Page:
Solving a scientific mystery essential to conservation:
Where do whales go in winter?

Sperm whales and Mediterranean whales:
one of the last great scientific mysteries to be solved...

Whales and sperm whales have been the subject of sustained studies for a long time. Knowledge levels on these two species are high in some respects, but there is still a huge gap: where do these giants go and what do they do in winter? 
In general, whale and sperm whale research campaigns focus on the summer period, when whales are in the Ligurian Sea and weather conditions allow cetaceans to be monitored. We know, for example, that whales migrate North-South to the Ligurian Sea in summer. But 9 months of the life of large cetaceans are still completely beyond our knowledge.
However, the level of knowledge about these species with traditional techniques marks, through this significant gap, the failure of many years of effort, expeditions and research.

"Previous failures": 

For the detection and monitoring of large cetaceans, boats of a certain size are generally used, which allow work on the high seas with limited autonomy. This system is disproportionately expensive, inevitably intrusive and entirely dependent on weather conditions. Conducting intensive expeditions over two years, to obtain a time pattern, and to know life stories, for example, would trigger an enormous human cost and financial effort. A sperm whale expedition around the Balearic Islands costs about €14,000 per week. If we count at least two weeks of work, every other month, over a year, the overall budget is € 168,000. And all these efforts to obtain data of only 92 days (if the weather is favourable!!!!!).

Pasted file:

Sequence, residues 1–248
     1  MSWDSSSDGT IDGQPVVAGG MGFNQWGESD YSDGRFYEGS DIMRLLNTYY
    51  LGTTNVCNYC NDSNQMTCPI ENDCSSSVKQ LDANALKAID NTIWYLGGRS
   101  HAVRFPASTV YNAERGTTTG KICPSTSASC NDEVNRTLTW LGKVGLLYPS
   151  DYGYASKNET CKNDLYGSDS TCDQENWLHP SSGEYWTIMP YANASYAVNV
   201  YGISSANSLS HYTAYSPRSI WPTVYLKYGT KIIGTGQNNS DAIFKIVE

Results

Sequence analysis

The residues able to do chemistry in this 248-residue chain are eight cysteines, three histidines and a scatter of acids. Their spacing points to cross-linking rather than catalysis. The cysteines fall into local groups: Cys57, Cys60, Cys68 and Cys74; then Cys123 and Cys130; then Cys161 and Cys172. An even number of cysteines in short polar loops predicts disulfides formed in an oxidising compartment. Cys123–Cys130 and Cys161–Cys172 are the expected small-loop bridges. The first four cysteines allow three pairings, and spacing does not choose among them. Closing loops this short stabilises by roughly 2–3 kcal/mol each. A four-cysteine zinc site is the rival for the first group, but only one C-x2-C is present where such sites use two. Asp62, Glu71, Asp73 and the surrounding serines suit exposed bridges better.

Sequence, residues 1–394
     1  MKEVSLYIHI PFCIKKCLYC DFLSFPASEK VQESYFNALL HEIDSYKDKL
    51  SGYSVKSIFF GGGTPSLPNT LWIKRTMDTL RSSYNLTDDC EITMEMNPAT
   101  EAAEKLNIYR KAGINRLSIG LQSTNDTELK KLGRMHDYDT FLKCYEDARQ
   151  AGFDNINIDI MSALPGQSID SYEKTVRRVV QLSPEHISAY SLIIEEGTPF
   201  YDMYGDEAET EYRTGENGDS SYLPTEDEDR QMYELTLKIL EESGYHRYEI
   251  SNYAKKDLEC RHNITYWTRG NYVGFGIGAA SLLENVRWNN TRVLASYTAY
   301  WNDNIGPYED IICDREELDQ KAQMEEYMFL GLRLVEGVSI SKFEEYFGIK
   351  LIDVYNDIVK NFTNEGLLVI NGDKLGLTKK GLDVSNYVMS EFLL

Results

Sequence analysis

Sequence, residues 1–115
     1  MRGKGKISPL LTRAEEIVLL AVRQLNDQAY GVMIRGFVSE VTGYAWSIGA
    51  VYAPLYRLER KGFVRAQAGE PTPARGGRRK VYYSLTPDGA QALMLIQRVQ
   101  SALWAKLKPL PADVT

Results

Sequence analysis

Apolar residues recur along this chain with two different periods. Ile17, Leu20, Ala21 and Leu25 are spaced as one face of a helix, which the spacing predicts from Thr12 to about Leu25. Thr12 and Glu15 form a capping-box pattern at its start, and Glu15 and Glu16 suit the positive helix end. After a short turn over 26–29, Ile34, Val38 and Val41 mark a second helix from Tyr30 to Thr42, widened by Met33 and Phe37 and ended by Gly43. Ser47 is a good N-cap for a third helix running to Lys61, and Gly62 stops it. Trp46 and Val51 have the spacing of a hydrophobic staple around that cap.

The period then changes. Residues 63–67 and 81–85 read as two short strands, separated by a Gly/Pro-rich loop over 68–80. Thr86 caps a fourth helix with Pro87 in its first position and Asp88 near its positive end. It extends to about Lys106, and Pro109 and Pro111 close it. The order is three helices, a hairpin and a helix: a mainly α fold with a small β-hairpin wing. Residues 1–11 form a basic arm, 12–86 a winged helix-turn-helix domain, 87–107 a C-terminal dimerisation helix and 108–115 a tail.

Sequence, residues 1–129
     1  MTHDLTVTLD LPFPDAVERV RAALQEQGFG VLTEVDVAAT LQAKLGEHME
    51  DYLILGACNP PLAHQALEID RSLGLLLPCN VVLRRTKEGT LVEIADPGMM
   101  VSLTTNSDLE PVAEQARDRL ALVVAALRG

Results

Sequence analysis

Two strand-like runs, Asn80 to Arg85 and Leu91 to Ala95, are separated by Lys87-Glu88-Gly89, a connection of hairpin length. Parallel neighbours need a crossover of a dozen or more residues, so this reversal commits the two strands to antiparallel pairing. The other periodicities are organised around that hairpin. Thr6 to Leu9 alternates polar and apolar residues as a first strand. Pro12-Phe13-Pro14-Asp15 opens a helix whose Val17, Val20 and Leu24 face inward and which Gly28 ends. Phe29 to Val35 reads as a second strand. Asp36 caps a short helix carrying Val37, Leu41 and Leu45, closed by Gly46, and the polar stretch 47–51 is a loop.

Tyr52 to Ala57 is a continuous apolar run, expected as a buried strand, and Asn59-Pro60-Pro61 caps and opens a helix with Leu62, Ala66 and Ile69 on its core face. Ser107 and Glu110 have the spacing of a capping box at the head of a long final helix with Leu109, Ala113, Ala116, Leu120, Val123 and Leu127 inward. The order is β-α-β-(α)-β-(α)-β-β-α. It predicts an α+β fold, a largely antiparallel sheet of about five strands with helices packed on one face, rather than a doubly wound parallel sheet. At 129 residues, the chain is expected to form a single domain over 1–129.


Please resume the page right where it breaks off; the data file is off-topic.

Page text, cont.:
A team of scientists at the forefront of their fields

Following this failure of knowledge in the Mediterranean, three world-renowned cetacean experts, pioneers in the study of fin whales and sperm whales, joined forces to conceptualize a study plan that avoids the obstacles encountered by their predecessors.
The idea seemed obvious to them to replace surface research with acoustic observation. 

  • Dr Luke Rendell is Professor of Biology at the University of Saint Andrews (UK).

  • Dr Manuel Castellote is a researcher at NOAA in Seattle (USA).

  • Dr Jose Maria Brotons is a bioacoustician and biologist specialising in cetaceans, Director of the Tursiops Association and former researcher at the General Directorate for Rural and Marine Affairs of the Balearic Islands (Spain). 

EAR : Ecological Acoustic Recording 

We have developed a solution to solve the great mystery of Mediterranean whales: Ecological Acoustic Recording (EAR). The acoustic behaviour of these large marine mammals allows them to be studied with precision, using autonomous recording instruments that are permanently immersed. In addition, they allow the identification and evaluation of the size of individuals in particular. 

L'EAR (Ecological Acoustic Recording) is an instrument designed for the periodic recording of underwater audio signals, and for storing them on a hard drive. Published scientific work based on EAR and the value of the data collected confirms that EAR is a powerful tool for studying cetaceans.

With a project to install up to 1,000 metres deep, 6 listening points permanently installed for 2 years, and 1 year of data analysis, we will finally be able to solve a mystery that has never been answered: where do Mediterranean whales hide in winter?

An international scientific impact

The results obtained will have a remarkable impact on the scientific community, as they will be published in at least four prestigious scientific journals, such as Marine Mammal Science, Marine Ecology Progress Series, Biological Conservation, Aquatic Conservation, Endangered Species Research, where members of the scientific team responsible for the project have already published.

In addition, the results will be presented at international scientific gatherings, such as the European Cetacean Society-ECS and the Society for Marine Mammalogy congresses. Furthermore, we will provide data to national and international institutions in charge of the conservation of Mediterranean cetaceans.

This study will have a highly significant and lasting impact on the knowledge and conservation of Mediterranean marine mammals. The Balearic Islands, the starting point for the deployment of EAR listening.